May not end complaining altogether, but it’s sure to get a lot of laughs.

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IT'S NOT FAIRY

Rhymed and subversively, hilariously funny, this British import might well spark discussion while amusing mightily.

The It’s Not Fairy looms on the title page, with lavender, toes-turned-up sneakers, torn-paper wings and a pale blue face. Mary complains when Billy gets ice cream but she just has a pear, and Billy does the same when Mary wins a costume prize and he does not. “IT’S NOT FAIR!” Their parents threaten them with the It’s Not Fairy, but…Dad carries on when he does dishes and no one helps, and Mum when she does all the housework with no help. “IT’S NOT FAIR!” The It’s Not Fairy, enraged by all the whining, announces she is going to just eat everyone up (on the menu: Fried Father with PAmesan). The horrified children placate the fairy by making a list of all the ways they are going to help each other and their parents to make life a little more fair. When the It’s Not Fairy grouses that now she has nothing to eat, everyone complains and carries on until they collapse in an affectionate heap. Even the fairy. A recipe for It’s Not Fairy Cakes is included, chopped-up fairy optional. The illustrations are wild and squiggly and full of wonderful patterns, and the typeface joins in with the fun.

May not end complaining altogether, but it’s sure to get a lot of laughs. (Picture book. 4-8)

Pub Date: April 16, 2013

ISBN: 978-1-84780-236-1

Page Count: 28

Publisher: Frances Lincoln

Review Posted Online: Feb. 27, 2013

Kirkus Reviews Issue: March 15, 2013

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The title says it all: Black boys are “every good thing.”

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I AM EVERY GOOD THING

A much-needed book for Black children when society demonstrates otherwise.

The Kirkus Prize–, Coretta Scott King Honor–, Newbery Honor–, and Caldecott Honor–winning team behind Crown: An Ode to the Fresh Cut (2017) return for another celebration of Black excellence. In a text brimming with imagination and Black-boy joy, Barnes lays the foundation for young Black readers to go forth into the world filled with confidence and self-assurance: “I am brave. I am hope. / I am my ancestors’ wildest dream. / I am worthy of success, / of respect, of safety, of kindness, of happiness.” Simultaneously, he opens a window for non-Black readers to see Black boys’ humanity. They have dreams, feel pain, are polite and respectful—the list of qualities goes on. Barnes also decides to address what is waiting for them as they experience the world. “I am not what they might call me.” With this forceful statement, he provides a tool for building Black resilience, reassuring young Black readers that they are not those names. James supplies his customarily painterly art, his brushy oils painting Black boys of every shade of brown playing, celebrating, achieving, aspiring, and loving. Through every stroke readers will see that Black boys are “worthy / to be loved.” (This book was reviewed digitally with 11-by-17-inch double-page spreads viewed at 35% of actual size.)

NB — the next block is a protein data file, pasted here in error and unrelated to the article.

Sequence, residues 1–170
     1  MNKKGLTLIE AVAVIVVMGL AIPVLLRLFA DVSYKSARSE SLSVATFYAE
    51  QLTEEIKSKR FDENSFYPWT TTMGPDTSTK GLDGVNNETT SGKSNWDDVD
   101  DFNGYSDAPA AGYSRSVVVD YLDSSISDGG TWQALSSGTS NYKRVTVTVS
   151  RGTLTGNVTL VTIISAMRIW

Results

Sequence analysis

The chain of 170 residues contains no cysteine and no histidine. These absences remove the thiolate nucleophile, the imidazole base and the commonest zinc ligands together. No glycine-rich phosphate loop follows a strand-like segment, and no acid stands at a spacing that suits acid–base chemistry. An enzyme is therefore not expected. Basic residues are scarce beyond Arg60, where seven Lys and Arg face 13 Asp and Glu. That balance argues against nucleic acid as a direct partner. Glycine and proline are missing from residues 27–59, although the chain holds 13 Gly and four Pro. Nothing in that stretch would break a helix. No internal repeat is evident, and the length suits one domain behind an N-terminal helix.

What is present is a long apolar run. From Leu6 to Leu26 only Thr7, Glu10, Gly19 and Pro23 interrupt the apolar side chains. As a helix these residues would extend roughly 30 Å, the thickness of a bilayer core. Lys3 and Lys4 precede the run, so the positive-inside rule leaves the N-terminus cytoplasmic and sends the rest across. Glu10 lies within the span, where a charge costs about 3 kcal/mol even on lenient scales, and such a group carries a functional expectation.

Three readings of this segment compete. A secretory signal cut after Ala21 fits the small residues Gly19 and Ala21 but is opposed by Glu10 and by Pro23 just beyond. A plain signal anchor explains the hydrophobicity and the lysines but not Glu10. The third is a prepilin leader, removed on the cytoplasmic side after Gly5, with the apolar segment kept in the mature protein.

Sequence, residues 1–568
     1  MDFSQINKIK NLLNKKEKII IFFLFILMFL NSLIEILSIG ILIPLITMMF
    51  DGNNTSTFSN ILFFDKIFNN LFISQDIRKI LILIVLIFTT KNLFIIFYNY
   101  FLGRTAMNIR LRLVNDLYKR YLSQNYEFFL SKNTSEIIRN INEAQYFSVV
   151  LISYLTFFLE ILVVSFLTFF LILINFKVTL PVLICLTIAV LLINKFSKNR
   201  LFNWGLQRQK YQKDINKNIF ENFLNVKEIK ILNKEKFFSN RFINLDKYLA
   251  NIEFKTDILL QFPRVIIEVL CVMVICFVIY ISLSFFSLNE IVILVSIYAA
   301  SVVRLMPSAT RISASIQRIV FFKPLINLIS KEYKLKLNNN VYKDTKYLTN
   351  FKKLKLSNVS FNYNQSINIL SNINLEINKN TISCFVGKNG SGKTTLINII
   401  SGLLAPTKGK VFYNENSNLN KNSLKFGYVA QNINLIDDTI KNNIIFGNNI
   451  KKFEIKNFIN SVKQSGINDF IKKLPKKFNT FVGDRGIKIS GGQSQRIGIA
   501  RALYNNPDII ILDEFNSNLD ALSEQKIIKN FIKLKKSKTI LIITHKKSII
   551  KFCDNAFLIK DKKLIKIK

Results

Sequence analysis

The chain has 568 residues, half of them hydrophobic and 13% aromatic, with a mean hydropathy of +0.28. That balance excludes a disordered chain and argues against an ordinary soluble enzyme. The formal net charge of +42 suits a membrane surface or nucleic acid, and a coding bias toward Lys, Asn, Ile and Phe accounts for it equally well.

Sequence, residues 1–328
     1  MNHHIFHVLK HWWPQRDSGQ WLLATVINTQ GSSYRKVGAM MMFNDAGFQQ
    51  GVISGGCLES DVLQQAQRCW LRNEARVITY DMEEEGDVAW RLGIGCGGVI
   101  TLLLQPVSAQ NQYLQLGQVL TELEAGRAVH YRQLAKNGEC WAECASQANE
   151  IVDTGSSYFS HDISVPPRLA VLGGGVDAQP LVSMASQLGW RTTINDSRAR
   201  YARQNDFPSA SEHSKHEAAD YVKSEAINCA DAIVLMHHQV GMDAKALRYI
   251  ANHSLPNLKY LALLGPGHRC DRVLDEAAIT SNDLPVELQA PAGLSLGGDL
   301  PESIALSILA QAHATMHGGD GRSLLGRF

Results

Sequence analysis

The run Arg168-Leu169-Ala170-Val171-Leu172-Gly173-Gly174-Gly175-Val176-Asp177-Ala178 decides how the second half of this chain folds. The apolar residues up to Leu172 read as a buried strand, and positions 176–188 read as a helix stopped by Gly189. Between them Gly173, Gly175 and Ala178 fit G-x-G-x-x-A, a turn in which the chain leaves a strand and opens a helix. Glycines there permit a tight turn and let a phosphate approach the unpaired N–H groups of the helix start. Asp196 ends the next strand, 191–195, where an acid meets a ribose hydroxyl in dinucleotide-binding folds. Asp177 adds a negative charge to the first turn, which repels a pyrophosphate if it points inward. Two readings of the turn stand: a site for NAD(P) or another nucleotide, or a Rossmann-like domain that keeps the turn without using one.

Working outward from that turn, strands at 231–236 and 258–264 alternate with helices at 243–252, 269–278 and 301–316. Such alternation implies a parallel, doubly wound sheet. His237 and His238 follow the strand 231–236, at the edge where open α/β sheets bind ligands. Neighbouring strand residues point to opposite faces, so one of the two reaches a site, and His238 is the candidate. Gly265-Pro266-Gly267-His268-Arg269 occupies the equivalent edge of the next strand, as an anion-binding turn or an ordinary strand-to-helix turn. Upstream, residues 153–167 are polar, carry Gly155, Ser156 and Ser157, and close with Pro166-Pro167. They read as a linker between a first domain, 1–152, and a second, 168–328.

The title says it all: Black boys are “every good thing.” (Picture book. 4-8)

Pub Date: Sept. 1, 2020

ISBN: 978-0-525-51877-8

Page Count: 32

Publisher: Nancy Paulsen Books

Review Posted Online: June 30, 2020

Kirkus Reviews Issue: July 15, 2020

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The buoyant uplift seems a bit pre-packaged but spot-on nonetheless.

THE WORLD NEEDS MORE PURPLE PEOPLE

A monohued tally of positive character traits.

Purple is a “magic color,” affirm the authors (both actors, though Hart’s name recognition is nowhere near the level of Bell’s), and “purple people” are the sort who ask questions, laugh wholeheartedly, work hard, freely voice feelings and opinions, help those who might “lose” their own voices in the face of unkindness, and, in sum, can “JUST BE (the real) YOU.” Unlike the obsessive protagonist of Victoria Kann’s Pinkalicious franchise, being a purple person has “nothing to do with what you look like”—a point that Wiseman underscores with scenes of exuberantly posed cartoon figures (including versions of the authors) in casual North American attire but sporting a wide range of ages, skin hues, and body types. A crowded playground at the close (no social distancing here) displays all this wholesome behavior in action. Plenty of purple highlights, plus a plethora of broad smiles and wide-open mouths, crank up the visual energy—and if the earnest overall tone doesn’t snag the attention of young audiences, a grossly literal view of the young narrator and a grandparent “snot-out-our-nose laughing” should do the trick. (This book was reviewed digitally with 10.4-by-20.6-inch double-page spreads viewed at 22.2% of actual size.)

The buoyant uplift seems a bit pre-packaged but spot-on nonetheless. (Picture book. 6-8)

Pub Date: June 2, 2020

ISBN: 978-0-593-12196-2

Page Count: 40

Publisher: Random House

Review Posted Online: June 3, 2020

Kirkus Reviews Issue: June 15, 2020

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